A: Absolutely not. I’m sure your friends and family mean well, but they have no idea what’s truly best for you. You can quote a song by Billie Holiday the next time they bring up the subject. Simply respond, “‘Ain’t nobody’s business if I do.’ Or don’t.”
Q: How do you handle unruly children in public and parents who do nothing to try to corral them?
A: Shoot them the laser death glare. That’s about all you can do.
Q: How do you deal with people talking loudly on cellphones in the grocery store and other public places?
A: See answer above.
Q: My husband is forever critical of my 10-year-old son, his stepson. I think truthfully the two are a lot alike, and my husband sees the things he doesn’t like about himself in his stepson. To me, he comes across as easily exasperated, impatient, critical, at times just mean. This is pretty much the only area of our marriage where things aren’t hunky dory. I count my blessings about that but ouch! It hurts to have strife between two of my nearest and dearest loved ones.
I’ve tried to gently point these things out to hubby. He tends to get defensive and throw his hands up and say things like “Well, fine. I just can’t do anything right.” This makes me want to pinch his little head off. Thoughts?
A: It’s time to have a Come to Jesus meeting with hubby. The two of you need to be unified in how you raise your son. Talk through the issues and concerns until you are of one accord. This won’t be easy or quick, especially since your husband will have to do some soul-searching, and both of you will have to make concessions.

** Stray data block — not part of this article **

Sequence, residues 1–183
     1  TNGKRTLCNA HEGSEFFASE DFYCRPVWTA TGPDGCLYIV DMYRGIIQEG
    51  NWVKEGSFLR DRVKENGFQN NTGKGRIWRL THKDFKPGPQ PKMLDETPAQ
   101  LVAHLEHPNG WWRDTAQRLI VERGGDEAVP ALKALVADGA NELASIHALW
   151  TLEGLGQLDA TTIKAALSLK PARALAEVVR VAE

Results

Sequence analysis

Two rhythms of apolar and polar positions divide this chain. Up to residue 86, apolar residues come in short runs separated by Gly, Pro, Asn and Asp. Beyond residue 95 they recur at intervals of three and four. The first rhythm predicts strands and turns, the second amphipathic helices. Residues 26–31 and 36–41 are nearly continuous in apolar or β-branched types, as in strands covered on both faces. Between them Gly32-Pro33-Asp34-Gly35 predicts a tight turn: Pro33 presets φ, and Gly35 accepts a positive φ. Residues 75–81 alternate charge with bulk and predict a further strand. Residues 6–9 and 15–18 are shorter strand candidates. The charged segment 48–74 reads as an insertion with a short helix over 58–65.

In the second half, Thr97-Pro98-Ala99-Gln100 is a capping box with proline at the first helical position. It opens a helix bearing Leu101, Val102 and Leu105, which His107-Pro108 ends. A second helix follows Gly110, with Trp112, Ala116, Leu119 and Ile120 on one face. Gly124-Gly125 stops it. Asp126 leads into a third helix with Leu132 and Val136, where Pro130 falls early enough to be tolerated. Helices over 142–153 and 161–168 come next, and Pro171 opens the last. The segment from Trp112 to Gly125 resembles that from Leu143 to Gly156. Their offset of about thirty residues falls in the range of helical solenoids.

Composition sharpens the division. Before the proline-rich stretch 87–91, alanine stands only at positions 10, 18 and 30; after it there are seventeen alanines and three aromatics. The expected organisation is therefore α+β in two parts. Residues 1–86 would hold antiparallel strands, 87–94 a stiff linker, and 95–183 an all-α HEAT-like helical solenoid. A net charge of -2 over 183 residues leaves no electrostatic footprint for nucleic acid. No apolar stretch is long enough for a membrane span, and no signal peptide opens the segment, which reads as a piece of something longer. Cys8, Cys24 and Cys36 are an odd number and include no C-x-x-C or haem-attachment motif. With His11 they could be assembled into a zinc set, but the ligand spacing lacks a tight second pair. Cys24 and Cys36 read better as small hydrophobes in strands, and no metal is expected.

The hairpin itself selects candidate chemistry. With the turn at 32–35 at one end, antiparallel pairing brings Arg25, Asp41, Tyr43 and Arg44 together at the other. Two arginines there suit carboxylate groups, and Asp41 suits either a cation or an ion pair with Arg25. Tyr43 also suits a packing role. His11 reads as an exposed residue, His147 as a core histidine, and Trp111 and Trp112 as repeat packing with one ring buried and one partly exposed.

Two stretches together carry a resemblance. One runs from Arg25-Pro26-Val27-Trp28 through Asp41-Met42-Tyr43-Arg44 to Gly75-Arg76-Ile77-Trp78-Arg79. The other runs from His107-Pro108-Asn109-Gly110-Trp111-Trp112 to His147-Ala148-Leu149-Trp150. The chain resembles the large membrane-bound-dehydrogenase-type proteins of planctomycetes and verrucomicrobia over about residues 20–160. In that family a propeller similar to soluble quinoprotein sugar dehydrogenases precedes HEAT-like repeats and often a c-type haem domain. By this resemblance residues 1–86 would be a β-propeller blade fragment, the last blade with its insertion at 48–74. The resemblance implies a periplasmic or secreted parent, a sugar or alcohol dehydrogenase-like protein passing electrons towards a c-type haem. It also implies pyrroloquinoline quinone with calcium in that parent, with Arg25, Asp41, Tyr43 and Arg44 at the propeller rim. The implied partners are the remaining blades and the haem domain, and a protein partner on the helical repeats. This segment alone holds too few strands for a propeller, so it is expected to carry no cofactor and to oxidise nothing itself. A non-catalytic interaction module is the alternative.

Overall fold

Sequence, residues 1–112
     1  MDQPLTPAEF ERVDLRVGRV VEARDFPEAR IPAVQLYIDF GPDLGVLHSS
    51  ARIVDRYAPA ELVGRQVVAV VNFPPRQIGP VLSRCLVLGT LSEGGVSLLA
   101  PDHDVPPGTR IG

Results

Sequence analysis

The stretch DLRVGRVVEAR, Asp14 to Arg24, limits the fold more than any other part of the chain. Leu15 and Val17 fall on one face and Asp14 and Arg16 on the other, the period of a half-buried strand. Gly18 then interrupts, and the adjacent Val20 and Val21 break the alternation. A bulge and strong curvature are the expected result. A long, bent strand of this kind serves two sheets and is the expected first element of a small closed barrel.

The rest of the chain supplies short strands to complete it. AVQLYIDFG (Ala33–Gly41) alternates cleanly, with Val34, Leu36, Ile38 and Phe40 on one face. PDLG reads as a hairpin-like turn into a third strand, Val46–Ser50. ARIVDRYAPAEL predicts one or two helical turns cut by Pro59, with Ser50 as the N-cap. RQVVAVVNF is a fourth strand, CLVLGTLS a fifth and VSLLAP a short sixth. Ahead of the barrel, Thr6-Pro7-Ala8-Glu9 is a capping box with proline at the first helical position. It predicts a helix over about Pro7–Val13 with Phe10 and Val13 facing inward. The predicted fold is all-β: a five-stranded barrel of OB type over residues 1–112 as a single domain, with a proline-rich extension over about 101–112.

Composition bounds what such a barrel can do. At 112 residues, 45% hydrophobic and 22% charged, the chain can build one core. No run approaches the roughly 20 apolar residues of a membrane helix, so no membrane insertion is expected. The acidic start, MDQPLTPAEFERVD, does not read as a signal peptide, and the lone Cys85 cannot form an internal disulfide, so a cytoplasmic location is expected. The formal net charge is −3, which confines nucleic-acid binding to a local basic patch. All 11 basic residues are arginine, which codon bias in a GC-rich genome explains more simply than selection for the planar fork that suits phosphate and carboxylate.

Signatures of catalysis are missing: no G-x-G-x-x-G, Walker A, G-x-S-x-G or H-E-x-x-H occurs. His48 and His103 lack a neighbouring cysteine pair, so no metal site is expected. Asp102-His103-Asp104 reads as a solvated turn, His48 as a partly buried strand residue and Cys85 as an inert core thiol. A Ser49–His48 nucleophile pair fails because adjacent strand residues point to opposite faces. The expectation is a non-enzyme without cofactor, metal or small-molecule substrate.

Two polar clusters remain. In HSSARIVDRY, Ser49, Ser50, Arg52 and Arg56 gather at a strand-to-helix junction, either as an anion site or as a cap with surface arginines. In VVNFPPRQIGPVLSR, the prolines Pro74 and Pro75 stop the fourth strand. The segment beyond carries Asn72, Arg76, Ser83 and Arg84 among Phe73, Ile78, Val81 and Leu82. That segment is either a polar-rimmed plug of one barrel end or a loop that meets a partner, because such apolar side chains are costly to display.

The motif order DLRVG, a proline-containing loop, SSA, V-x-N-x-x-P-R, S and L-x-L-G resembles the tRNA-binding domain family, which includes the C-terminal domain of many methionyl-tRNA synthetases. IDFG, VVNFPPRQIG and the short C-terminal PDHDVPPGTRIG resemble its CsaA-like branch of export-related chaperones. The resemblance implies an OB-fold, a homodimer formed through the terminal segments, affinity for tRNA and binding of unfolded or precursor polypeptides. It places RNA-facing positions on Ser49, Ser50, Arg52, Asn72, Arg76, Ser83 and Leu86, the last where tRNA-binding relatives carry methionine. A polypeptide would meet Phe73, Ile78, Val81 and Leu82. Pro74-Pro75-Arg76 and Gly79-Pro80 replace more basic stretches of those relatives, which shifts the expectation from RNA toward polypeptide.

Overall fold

Remember that having a step-parent — or being a step-parent — often brings a primordial layer of tension into the family. I experienced this at the age of 10 when my mother remarried. Her timing was exquisite: she married an Iranian shortly before the American hostages were taken in Tehran. This new strange man seemed like an intruder, and we loathed each other.
Instead of pinching hubby’s head off, face this problem head-on. Work to find a compromise. It’s the most loving thing you can do for your son and your marriage.
Q: I constantly feel like I’m nothing after six years of working my behind off to be something. How can I be happy at work when I feel like this?
A: Quit defining yourself by your job. You are so much more than what you do from 9 to 5. Your position is as meaningless as the type of car you drive, your income, how you look, or who you know. As long as you attach your identity to your work, you will never have satisfaction or peace. Why? Because you are living an illusion that says your happiness depends on superficial, worldly things. You are drowning in shallow water. Real contentment and joy are found in the deep undercurrents. That is where your value lies.
Don’t deceive yourself any longer. You’re operating in the wrong realm. As Antoine De Saint-Exupery says in “The Little Prince,” “It is only with the heart that one can see rightly; what is essential is invisible to the eye.”
I’m so sorry that you are miserable. I suspect that your work is not aligned with your purpose. I’d bet that you’re not using your God-given talents for the highest good. The best part is that you can reclaim your joy. Begin to feed your passions and use your natural gifts. This is more effective than any happy pill on the market. Dive underneath the surface to the place where you feel renewed. Find your sanctuary and dwell there.
Send your questions to
Lauretta Hannon, a resident of Powder Springs, is the bestselling author of The Cracker Queen — A Memoir of a Jagged, Joyful Life and a keynote speaker. Visit her at thecrackerqueen.com.